Joan’s nephew, Griffin Dunne, made the documentary Joan Didion: The Center Will Not Hold in 2017. To raise funds for the film those who pledged $50 or more to the crowdfunding effort received a copy of her personal cookbook.
As the Guardian described it, the cookbook was really “a scrapbook of food clippings from magazines, menus of the meals she served at dinner parties (for Patti Smith she made chicken hash with roasted yellow peppers and baguettes) and food-stained recipes, handwritten, with terse crossing-outs, its most revealing page was the recipe for a parsley salad, less as an illustration of her diet, or even for the way its sparse style reflects her prose, but more as an insight into her social reach: the salad feeds up to 40.” In other words, it was the best kind of cookbook.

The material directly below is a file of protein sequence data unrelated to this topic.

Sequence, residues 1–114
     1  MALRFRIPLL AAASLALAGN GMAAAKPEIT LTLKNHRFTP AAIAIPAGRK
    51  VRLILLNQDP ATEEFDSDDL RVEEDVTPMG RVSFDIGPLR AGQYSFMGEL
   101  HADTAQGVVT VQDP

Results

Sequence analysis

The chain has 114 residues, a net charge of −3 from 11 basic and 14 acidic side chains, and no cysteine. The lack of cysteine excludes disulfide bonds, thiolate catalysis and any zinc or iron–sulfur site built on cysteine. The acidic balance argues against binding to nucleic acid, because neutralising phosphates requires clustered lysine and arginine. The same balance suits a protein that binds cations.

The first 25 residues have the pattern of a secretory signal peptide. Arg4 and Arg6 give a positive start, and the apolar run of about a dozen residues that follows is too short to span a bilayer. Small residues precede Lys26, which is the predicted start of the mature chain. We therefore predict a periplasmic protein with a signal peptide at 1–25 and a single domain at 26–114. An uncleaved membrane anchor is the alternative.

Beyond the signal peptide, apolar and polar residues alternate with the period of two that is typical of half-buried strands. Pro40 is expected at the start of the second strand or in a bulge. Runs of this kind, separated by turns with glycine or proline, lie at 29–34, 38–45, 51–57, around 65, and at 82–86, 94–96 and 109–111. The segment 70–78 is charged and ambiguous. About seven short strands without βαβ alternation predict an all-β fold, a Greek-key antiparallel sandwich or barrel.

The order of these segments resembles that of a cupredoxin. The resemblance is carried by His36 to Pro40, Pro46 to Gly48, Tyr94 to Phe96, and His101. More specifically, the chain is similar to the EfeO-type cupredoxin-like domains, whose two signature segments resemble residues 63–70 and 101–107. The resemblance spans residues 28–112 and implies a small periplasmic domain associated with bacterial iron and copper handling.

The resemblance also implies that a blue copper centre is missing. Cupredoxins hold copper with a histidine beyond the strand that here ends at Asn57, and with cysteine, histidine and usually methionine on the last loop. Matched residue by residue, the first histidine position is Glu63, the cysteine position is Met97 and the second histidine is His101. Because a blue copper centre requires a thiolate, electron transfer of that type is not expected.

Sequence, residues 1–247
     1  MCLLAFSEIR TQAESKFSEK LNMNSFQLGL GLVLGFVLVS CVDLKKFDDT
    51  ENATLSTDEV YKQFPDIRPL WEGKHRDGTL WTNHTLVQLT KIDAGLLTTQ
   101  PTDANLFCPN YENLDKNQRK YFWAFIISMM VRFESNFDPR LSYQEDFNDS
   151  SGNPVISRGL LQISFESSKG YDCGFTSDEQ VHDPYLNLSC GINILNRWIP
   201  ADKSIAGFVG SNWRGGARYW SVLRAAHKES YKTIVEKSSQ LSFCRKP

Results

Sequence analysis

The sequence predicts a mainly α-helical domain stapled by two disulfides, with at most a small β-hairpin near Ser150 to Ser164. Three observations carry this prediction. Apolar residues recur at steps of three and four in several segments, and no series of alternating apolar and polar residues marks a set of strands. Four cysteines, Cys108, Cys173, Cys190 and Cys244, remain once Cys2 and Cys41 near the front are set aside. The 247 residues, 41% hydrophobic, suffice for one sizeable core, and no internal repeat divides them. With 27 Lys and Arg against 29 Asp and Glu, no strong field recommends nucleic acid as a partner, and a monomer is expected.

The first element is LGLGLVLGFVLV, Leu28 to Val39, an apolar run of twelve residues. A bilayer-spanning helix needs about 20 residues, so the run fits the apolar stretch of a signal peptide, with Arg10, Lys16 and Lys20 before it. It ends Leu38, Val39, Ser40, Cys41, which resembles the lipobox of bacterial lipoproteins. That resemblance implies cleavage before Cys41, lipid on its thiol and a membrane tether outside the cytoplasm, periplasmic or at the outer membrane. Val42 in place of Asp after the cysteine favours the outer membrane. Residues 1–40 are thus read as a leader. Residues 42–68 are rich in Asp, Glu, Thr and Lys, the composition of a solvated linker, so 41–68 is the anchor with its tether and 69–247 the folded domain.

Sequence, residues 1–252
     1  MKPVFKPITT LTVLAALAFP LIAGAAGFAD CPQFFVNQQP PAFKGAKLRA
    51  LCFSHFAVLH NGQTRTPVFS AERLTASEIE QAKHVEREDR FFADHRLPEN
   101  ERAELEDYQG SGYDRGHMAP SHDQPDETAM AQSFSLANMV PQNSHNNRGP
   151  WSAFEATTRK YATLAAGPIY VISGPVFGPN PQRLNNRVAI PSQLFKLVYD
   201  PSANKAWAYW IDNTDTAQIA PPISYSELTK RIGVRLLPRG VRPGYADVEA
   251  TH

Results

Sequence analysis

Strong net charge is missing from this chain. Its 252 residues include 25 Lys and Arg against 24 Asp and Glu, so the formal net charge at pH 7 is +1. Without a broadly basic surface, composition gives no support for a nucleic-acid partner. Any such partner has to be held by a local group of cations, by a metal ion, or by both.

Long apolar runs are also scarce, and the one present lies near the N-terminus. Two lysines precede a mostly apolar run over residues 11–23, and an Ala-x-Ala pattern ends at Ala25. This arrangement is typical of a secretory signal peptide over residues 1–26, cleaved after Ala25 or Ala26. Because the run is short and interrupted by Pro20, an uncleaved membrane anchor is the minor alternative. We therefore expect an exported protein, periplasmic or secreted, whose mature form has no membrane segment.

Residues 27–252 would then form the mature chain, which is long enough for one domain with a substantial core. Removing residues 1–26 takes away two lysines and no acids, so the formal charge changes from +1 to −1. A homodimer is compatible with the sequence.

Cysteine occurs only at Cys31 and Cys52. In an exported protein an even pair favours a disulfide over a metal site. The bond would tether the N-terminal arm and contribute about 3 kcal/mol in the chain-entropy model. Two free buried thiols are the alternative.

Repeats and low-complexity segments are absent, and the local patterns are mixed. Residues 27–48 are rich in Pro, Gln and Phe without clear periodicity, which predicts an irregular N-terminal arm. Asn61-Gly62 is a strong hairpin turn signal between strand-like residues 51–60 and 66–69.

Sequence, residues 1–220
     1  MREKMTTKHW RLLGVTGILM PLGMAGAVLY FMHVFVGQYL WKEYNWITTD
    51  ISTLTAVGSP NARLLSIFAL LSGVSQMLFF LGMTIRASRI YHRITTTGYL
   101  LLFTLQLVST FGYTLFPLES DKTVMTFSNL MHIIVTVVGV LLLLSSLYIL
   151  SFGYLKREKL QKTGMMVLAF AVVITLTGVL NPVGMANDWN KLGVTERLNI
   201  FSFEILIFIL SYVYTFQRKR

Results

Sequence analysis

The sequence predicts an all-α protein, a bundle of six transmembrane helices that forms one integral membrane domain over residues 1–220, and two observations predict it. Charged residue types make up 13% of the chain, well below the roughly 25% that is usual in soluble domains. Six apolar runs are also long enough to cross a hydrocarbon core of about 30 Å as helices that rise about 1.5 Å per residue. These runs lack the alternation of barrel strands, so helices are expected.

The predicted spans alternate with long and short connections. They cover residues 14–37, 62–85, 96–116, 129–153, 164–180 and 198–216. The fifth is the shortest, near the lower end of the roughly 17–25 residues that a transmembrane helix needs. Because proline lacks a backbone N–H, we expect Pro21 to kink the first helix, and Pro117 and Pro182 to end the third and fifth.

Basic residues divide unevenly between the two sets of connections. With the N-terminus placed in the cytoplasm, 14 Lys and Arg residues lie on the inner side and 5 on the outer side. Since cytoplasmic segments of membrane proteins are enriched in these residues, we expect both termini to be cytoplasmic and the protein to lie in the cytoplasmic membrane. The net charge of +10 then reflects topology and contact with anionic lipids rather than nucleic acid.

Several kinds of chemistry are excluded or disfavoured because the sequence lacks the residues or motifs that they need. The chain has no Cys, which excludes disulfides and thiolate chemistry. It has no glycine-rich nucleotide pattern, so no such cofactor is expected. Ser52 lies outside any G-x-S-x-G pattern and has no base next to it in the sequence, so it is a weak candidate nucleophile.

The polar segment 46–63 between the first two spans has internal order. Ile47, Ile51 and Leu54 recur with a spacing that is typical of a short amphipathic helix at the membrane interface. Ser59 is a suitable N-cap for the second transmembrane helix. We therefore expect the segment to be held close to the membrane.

Joan Didion with her daughter, Quintana Roo, and her husband, John Gregory Dunne, at their Malibu home in California in 1972 (photo courtesy of The New York Times).
She was the best.